A hard shell made with a porous membrane, such as eVent, provides “worst case rain protection” in combination with air permeability as high as .53 CFM. This is what I measured on the Integral Designs Thru Hiker. I measured the air permeability of the Rab Boreas windshirt, which Dave C. gave the highest rating in his recent SOTM report; at 68.69 CFM but with no external moisture protection. THE DIFFERENCE is 68.69 / .53 = 1,296%.
To put the windshirt air permeability spectrum in perspective, the most breathable windshirt I have measured is the Acteryx Squamish at 100.59 CFM. The windshirt that will achieve the optimal balance point, for most people while UL backpacking, is the Houdini.
I measured the older Pertex Classic fabric and it was 3 CFM. Assuming this is the Pertex fabric used in your windshirt, it is a very poor choice for use while UL backpacking. I also measured the North Face Verto windshirt using the newest Pertex GL fabric and it was even worse at .53 CFM, the same as the Thru Hiker eVent. I then had a forum member, who purchases a lot of Pertex fabric, contact his rep. The rep's spec for the fabric was less than 1.97 CFM.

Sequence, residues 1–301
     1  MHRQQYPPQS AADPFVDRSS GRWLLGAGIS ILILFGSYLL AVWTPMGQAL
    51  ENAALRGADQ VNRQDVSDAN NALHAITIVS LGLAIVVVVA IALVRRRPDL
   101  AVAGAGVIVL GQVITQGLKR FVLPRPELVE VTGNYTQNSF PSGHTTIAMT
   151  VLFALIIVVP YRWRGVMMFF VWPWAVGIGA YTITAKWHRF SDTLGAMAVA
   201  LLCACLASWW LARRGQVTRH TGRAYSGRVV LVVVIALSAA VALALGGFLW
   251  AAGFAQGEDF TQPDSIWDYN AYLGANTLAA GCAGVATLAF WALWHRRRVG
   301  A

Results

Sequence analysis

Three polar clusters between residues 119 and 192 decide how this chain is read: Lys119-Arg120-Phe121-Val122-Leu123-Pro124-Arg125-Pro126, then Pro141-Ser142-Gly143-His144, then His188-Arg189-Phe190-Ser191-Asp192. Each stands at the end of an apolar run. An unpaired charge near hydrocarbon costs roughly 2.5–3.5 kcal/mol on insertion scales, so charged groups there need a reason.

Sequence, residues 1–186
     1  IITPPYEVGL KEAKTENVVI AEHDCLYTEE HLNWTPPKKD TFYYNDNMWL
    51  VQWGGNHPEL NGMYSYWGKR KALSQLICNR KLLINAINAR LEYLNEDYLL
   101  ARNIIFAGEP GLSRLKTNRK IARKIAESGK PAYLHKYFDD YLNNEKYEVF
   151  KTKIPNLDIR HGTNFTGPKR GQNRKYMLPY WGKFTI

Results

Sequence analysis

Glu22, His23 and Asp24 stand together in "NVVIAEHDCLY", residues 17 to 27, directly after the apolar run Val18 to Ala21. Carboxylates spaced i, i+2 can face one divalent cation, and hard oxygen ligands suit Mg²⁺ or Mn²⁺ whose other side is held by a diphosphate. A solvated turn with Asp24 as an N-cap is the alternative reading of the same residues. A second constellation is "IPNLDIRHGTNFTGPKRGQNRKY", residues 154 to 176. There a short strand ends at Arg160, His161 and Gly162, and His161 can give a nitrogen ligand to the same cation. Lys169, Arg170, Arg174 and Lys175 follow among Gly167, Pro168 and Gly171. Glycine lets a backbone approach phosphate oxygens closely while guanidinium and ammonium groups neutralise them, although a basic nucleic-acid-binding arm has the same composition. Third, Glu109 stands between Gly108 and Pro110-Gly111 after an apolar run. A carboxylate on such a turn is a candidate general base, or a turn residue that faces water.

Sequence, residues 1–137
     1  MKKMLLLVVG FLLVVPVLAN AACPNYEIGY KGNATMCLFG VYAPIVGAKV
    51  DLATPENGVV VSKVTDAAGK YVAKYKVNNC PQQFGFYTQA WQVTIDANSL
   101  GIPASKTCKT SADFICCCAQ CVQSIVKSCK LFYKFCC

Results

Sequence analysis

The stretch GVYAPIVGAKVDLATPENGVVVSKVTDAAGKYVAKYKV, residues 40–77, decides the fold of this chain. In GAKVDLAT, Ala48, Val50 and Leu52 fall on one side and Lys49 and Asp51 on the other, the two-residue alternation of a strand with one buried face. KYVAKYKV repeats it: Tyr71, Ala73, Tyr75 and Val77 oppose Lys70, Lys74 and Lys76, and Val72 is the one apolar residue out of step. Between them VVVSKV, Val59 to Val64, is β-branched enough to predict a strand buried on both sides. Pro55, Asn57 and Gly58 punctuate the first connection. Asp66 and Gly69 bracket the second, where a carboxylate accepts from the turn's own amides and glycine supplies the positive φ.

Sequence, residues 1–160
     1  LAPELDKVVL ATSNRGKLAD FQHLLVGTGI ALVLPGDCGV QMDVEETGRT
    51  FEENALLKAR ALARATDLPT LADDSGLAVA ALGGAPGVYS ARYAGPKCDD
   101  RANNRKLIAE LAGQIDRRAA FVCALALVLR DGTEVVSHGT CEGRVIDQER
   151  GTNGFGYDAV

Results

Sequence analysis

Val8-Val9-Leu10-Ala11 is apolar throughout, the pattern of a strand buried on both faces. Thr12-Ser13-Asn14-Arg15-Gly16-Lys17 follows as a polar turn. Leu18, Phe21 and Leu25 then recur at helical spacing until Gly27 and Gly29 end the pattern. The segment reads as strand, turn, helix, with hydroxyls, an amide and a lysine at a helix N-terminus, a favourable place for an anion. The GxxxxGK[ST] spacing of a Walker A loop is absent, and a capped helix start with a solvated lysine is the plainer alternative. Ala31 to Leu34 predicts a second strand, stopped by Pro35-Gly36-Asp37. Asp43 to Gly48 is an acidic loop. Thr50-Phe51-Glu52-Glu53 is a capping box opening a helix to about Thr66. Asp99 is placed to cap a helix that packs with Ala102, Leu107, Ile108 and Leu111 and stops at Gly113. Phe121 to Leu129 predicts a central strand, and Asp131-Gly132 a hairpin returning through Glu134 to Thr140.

At a 7 MET exertion level (UL backpacking average), in average summer mountain temperatures and wind conditions, most people find the Houdini air permeability the optimal windshirt available. I measured the spring 2012 version of this windshirt at 35.8 CFM. The reason its air permeability is optimal is that this is the level of air permeability that will JUST PASS the AVERAGE EVAPORATED SWEAT moisture while UL backpacking. More air permeability than provided by the Houdini is not a wise choice for most people.
As air permeability goes up, wind resistance and external moisture protection goes down. More air permeability than is required to pass through your sweat is not a benefit. The key to selecting optimal windshirt air permeability is matching the air permeability that will just pass your average evaporated sweat level without venting. Venting can then be used for augmentation.
A windshirt that would never limit your maximum possible work potential requires ~400 CFM air permeability and would be worthless for protecting you from any wind or moisture. It is a balancing act.